to increased running over time. This is the first study to test a non-lab-based group PA intervention for community-recruited women with high AS. In the context of the present study’s aim to design and test a community-based PA intervention for AS, we evaluated the intervention in the context of

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Mette Rørth, Tine Tjørnhøj-Thomsen, Prue Cormie, John L. Oliffe, and Julie Midtgaard

. The idea was to introduce recreational community-based football as a novel approach to prostate cancer rehabilitation characterized by a time-unlimited intervention, continuous enrollment of participants, and mobilizing of local resources and partners using existing infrastructure for physical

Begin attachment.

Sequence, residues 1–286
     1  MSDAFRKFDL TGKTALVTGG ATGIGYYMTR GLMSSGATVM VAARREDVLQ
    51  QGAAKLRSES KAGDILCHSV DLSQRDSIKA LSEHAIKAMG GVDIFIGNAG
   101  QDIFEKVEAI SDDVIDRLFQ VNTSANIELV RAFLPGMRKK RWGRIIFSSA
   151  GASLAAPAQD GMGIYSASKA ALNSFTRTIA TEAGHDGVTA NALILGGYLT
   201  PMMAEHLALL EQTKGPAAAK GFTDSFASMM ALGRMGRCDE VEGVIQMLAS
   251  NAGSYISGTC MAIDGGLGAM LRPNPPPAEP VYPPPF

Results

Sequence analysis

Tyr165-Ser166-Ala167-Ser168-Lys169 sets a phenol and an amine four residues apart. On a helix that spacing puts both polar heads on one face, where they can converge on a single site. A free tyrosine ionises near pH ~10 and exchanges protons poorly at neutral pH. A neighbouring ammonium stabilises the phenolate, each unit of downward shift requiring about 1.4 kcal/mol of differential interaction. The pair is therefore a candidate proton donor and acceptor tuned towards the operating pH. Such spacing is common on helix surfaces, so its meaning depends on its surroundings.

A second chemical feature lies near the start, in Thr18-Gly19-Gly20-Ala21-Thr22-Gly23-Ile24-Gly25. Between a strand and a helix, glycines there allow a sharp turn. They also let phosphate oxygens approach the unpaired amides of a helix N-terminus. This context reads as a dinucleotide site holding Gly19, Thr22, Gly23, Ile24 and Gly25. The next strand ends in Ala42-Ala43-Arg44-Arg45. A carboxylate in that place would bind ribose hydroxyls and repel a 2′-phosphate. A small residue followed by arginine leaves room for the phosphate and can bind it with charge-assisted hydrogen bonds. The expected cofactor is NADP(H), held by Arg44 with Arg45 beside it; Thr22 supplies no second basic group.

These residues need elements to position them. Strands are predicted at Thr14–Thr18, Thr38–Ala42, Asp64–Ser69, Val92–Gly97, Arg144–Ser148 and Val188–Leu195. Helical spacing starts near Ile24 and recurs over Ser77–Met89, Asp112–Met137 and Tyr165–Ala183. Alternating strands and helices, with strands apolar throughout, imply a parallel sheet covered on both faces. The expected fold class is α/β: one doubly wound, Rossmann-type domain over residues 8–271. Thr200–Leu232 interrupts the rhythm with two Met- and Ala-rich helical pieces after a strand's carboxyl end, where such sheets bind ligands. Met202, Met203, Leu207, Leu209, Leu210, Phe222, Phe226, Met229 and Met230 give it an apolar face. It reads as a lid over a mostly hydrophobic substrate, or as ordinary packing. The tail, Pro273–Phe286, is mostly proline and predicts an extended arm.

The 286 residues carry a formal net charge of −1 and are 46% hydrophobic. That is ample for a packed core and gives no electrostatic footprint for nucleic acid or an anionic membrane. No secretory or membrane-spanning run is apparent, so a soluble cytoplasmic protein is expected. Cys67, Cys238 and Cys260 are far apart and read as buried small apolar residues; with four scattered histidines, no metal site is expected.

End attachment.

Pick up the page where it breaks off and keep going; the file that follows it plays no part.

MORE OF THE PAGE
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Deborah Johnson-Shelton, Jeanette Ricci, Erika Westling, Missy Peterson, and Julie C. Rusby

-based PE lessons with their students. 15 Therefore, one approach is to implement a community-based PE trainer in residence (TIR) professional development program that provides generalist teachers with one-on-one mentoring and scenario-based training for an extended length of time. The TIR model is based

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Johan Pelssers, Christophe Delecluse, Joke Opdenacker, Eva Kennis, Evelien Van Roie, and Filip Boen